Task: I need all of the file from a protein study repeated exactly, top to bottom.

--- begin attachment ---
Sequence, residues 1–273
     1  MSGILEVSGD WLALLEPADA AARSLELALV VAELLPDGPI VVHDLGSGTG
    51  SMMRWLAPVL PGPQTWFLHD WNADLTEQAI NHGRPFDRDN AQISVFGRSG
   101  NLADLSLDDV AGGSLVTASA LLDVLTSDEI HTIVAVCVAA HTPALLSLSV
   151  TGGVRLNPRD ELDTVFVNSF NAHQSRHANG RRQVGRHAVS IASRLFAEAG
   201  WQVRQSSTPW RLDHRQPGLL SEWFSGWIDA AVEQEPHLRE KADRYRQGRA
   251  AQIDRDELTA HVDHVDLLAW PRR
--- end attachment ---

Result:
Sequence, residues 1–273
     1  MSGILEVSGD WLALLEPADA AARSLELALV VAELLPDGPI VVHDLGSGTG
    51  SMMRWLAPVL PGPQTWFLHD WNADLTEQAI NHGRPFDRDN AQISVFGRSG
   101  NLADLSLDDV AGGSLVTASA LLDVLTSDEI HTIVAVCVAA HTPALLSLSV
   151  TGGVRLNPRD ELDTVFVNSF NAHQSRHANG RRQVGRHAVS IASRLFAEAG
   201  WQVRQSSTPW RLDHRQPGLL SEWFSGWIDA AVEQEPHLRE KADRYRQGRA
   251  AQIDRDELTA HVDHVDLLAW PRR